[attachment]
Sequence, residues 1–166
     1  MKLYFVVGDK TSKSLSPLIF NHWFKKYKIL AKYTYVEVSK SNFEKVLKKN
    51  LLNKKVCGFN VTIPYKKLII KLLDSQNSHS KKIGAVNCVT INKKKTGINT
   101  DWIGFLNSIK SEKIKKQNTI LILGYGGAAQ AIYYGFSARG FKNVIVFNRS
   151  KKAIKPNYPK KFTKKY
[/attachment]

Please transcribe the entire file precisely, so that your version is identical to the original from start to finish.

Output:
Sequence, residues 1–166
     1  MKLYFVVGDK TSKSLSPLIF NHWFKKYKIL AKYTYVEVSK SNFEKVLKKN
    51  LLNKKVCGFN VTIPYKKLII KLLDSQNSHS KKIGAVNCVT INKKKTGINT
   101  DWIGFLNSIK SEKIKKQNTI LILGYGGAAQ AIYYGFSARG FKNVIVFNRS
   151  KKAIKPNYPK KFTKKY